The baby boomers speak longingly of their heydays, when travelling into and out of the CBD using public transport was a pleasurable experience. The Nairobi County Government recently tried to enforce gazette notice no. 4479 from earlier this year which specified the matatu termini and routes, and would effectively ban PSVs from operating in the CBD. As expected, the sector’s biggest lobby group raised a furore, threatened to go on strike and the County Government acquiesced and suspended enforcement of the notice for one month, to allow for consultation. Credit to the County Government for trying. Call me a cynic, but I am not convinced that the ‘ban’ is a viable long-term solution to our public transport problem. First, using a carrot (positive incentive) generally costs less and is easier to implement than using a stick (negative consequences). Anyone who has interacted with a young child knows that it is much easier to motivate a child into action with the prospect of a reward than with the threat of punishment. Secondly, the power in a negotiation between the County Government and the matatu operators is not as asymmetrical as one may initially think. Yes, the rules can be enforced and errant PSVs impounded. It is not possible however that all, half, or even 20% of all PSVs can be impounded. On the other hand, what if the PSVs were to go on strike? Even if just 20% of them were to down their tools, the effect on fares – those that would remain operational would likely hike fares – would raise much brouhaha. The public uproar would be most likely be untenable, and within several days the parties would be at the negotiating table. Third, it is not yet clear if those that will be mandated to operate within the CBD have the capacity to manage demand at peak times of the day.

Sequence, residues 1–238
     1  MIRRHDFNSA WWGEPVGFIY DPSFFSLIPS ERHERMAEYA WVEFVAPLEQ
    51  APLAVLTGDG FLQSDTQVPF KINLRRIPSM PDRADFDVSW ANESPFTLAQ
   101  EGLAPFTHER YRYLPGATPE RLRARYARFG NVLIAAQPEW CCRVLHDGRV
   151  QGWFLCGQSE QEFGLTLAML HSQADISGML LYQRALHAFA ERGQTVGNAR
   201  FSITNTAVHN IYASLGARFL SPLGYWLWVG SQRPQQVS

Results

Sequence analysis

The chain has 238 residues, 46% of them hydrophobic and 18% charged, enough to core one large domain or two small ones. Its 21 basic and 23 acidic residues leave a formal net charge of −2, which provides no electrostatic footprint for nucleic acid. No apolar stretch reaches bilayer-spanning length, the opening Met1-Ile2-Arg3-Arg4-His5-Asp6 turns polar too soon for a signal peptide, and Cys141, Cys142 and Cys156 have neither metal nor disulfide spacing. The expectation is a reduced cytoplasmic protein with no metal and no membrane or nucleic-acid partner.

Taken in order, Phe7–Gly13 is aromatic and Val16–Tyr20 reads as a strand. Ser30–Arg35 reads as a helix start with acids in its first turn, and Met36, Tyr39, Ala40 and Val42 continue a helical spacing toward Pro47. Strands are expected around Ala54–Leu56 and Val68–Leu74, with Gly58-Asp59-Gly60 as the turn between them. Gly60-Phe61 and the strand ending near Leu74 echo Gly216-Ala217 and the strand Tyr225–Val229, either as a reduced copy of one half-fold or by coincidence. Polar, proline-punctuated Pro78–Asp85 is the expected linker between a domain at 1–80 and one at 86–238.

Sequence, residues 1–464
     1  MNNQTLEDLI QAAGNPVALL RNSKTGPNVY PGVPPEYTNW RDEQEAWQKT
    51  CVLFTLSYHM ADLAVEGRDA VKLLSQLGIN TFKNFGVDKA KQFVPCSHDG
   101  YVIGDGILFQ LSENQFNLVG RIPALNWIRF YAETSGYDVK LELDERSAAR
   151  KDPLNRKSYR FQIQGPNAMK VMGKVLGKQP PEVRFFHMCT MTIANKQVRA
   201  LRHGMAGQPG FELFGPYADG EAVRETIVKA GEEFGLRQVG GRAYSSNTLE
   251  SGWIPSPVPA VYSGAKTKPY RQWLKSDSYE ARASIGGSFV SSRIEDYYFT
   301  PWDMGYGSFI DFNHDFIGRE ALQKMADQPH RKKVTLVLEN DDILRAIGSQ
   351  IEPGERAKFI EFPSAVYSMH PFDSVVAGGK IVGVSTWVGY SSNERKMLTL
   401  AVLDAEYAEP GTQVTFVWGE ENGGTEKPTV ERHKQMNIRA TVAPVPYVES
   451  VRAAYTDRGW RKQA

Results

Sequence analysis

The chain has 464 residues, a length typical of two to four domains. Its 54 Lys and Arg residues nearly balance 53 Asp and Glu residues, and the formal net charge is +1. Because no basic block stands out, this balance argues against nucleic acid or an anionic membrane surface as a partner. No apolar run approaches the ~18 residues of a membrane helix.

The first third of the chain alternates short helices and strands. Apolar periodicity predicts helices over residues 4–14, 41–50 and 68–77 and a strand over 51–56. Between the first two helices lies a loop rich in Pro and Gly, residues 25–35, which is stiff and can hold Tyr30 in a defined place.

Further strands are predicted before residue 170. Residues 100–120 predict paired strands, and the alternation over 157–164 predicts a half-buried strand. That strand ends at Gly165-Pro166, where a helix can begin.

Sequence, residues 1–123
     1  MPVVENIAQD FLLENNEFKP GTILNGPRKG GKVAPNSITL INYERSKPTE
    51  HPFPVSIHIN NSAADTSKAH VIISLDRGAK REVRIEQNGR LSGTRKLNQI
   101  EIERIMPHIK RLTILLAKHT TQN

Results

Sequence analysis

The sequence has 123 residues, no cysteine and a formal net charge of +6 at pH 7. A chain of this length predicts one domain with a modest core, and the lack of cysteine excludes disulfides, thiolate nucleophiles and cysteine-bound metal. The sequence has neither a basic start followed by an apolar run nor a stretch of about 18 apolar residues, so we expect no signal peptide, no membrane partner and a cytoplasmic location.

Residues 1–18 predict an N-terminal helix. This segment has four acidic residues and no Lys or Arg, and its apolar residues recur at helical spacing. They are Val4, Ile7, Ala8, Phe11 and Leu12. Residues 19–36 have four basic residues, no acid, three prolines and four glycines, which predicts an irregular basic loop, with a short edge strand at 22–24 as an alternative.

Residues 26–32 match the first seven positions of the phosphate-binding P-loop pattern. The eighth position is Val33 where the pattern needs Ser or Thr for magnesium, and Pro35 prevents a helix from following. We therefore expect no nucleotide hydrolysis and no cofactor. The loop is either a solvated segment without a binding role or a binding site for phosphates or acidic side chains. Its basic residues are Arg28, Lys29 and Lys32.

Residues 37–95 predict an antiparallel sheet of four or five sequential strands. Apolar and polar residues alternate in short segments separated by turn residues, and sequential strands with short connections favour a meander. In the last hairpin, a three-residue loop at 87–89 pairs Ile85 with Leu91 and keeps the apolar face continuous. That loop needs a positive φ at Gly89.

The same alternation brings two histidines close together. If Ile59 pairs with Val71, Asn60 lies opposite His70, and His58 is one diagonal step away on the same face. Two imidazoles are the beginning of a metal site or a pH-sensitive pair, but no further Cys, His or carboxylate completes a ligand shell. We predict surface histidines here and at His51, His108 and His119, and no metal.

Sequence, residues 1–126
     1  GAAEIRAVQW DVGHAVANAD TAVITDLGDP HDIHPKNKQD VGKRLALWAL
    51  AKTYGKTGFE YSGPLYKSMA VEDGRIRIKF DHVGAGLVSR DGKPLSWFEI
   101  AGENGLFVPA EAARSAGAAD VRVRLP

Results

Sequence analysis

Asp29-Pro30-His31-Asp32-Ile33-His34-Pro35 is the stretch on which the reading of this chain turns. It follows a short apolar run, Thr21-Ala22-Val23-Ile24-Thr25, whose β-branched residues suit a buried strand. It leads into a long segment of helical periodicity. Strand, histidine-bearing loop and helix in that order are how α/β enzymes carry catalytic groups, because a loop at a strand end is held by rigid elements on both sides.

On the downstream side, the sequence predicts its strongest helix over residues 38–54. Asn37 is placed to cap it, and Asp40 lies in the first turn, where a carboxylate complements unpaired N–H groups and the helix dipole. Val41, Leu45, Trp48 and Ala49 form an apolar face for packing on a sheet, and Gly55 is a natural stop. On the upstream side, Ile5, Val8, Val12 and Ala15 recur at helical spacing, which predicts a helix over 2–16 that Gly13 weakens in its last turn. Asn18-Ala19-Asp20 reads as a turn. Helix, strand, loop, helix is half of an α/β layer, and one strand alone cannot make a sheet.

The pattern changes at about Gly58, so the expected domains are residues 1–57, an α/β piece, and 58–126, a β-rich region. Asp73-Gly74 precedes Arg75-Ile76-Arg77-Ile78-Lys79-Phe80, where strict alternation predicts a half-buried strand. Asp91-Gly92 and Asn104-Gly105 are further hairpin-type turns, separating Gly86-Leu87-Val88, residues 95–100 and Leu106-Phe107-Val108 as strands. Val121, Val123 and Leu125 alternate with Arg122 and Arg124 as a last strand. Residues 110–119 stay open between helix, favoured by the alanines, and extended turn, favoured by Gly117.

“If residents of Nairobi in fact do become wealthier, our results predict that there will be strong growth in both car ownership and use, and in matatu demand. For instance, …in the absence of changes to the transport system in the city, relatively small absolute increases in expenditure levels for the poorest in Nairobi are predicted to lead to a net 13 percentage point reduction in walking among this sub-population. Given that approximately two-thirds of Nairobi residents are in this category, this would put an additional 8% of the population on the roadways in motorized vehicles, worsening traffic congestion and air pollution further” (Salon & Aligula, 2012, p. 75).